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OSA affects two out of three people with type 2 diabetes.

Men over age 65 with type 2 diabetes have a 67% chance of having sleep apnea; for women over 65 the risk is nearly 50%. Untreated sleep apnea increases stress on your body, and in turn this causes blood sugar levels to rise. So it’s especially important for people with type 2 diabetes to recognize sleep apnea and have it treated.There is a direct relationship between weight gain in adulthood and the risk of Type 2 Diabetes Mellitus. Obese individuals are more likely to have both OSA and diabetes.  From 1959 to 2002, double the number of people are sleeping less than 7 hours per evening than ever before and the rate at which we see type 2 diabetes has escalated. That's a far cry from a clear cut cause and effect relationship, but it merits further investigation.  There is a 'which came first' relationship between sleep deprivation and Type 2 diabetes. 

An intriguing study was published in The Lancet in 1999, suggesting the link between sleep deprivation and type 2 diabetes. In this study researchers changed the sleep patterns of healthy young people to determine what, if any impact it would have on their ability to use glucose. These healthy individuals had been carefully screened to exclude anyone with even a possibility of diabetes. They were brought to live in a monitored lab and allowed to sleep only 4 to 6 hours a night. By the end of one week these previously healthy individual's bodies used glucose differently.  Researchers described the subject's use of glucose to be more consistent with that of elderly patients as compared to young healthy individuals. We don't fully understand how sleep -or the lack of sleep- impacts our ability to use glucose, but clearly a connection exists.

In 2006 a paper published in the Archives of Internal Medicine found that diabetics who reported poor sleep quality had a higher average blood glucose over 2 to 3 months versus those who reported they had better sleep quality.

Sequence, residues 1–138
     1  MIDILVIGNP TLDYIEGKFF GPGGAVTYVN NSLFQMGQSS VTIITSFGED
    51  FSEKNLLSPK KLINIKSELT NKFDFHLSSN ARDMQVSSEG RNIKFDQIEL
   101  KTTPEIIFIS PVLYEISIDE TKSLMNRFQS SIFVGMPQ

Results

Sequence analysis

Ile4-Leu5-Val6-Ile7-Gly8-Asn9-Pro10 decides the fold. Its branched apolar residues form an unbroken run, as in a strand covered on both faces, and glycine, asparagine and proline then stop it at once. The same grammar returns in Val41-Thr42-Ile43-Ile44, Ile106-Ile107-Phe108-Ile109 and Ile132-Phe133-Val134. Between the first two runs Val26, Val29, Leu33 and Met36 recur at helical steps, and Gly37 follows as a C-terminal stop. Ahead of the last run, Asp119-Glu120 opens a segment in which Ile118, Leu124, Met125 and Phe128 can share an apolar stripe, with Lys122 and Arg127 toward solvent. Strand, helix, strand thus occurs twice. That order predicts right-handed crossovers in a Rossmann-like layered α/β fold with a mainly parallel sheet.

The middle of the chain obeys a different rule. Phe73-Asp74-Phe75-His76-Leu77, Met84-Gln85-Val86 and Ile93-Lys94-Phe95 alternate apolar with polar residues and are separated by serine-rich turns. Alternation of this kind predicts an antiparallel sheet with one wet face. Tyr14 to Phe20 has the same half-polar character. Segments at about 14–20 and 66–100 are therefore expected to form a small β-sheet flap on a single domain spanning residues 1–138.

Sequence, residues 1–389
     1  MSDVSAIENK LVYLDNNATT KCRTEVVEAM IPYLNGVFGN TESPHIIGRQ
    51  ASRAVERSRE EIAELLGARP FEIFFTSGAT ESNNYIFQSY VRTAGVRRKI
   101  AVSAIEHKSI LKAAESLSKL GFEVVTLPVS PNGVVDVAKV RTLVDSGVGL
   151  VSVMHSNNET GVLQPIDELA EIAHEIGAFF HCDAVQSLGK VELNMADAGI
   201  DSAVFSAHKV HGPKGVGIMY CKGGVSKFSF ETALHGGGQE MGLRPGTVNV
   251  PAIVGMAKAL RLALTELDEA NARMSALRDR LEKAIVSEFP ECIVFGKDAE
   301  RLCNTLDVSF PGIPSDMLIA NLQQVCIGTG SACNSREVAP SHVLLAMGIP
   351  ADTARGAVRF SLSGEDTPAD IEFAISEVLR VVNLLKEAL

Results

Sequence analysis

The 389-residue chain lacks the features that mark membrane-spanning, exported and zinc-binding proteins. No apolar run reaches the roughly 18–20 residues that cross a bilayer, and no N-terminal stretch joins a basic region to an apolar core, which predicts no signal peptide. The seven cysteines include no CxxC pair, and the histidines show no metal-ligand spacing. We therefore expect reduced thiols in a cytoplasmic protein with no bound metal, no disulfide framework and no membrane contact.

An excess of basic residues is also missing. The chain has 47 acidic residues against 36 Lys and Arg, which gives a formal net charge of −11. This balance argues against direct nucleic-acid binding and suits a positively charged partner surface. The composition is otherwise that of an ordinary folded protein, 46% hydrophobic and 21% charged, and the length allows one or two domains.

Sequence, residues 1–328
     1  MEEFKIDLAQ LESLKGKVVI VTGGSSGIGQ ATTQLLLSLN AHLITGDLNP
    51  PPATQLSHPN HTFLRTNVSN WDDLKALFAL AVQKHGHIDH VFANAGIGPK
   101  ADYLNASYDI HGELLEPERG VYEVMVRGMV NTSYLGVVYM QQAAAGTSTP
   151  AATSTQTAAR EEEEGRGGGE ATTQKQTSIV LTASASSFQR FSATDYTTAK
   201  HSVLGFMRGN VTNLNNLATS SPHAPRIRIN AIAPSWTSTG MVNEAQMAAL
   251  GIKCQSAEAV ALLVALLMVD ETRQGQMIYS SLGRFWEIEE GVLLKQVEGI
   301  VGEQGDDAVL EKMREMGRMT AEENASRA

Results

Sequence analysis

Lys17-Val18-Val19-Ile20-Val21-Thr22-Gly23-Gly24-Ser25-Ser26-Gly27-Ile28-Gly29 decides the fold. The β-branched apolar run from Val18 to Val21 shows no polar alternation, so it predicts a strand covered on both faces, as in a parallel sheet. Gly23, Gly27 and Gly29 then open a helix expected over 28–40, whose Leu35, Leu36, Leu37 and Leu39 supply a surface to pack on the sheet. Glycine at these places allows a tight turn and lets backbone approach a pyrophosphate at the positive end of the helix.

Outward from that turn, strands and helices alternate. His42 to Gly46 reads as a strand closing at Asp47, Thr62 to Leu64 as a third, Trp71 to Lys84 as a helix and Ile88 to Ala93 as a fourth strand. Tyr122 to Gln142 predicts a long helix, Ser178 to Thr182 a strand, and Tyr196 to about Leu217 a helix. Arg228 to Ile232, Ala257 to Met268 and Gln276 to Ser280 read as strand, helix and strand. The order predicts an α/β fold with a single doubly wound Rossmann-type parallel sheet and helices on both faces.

In another study in the Proceedings of the National Academy of Sciences (2008), experimenters found that the quality of sleep, not just the amount of sleep, is critical.  Participants received a normal amount of total and REM sleep, but their slow-wave time was restricted. This led to metabolic changes in the participants that increased their risk of diabetes.

Sleep, Sleep-Disordered Breathing and Metabolic Consequences, published in July 2009 by Levy, Bonsignore and Eckel in the European Respiratory Journal also focused on the impact sleep has on metabolic pathways. Healthy test subjects who agreed to experimental sleep restriction experienced insulin resistance and increased evening cortisol and sympathetic activation. These authors speculated as to whether as a society's tendency to sleep less has led to an increase in obesity. The question is impossible to answer but it is clear there is a connection between sleep, diabetes, and weight. 

A study published Diabetes Care (2010) outlined a link between those with sleep disorders—difficulty falling or staying asleep, sleeping fewer than five to six hours a night or more than eight to nine hours and an increased risk of Type 2 diabetes.

A great amount of research is being done at this time to attempt to uncover the molecular basis for the connection between sleep and type 2 diabetes, but that doesn’t mean that a better night's sleep isn't important right now to aid in preventing and treating the disease.


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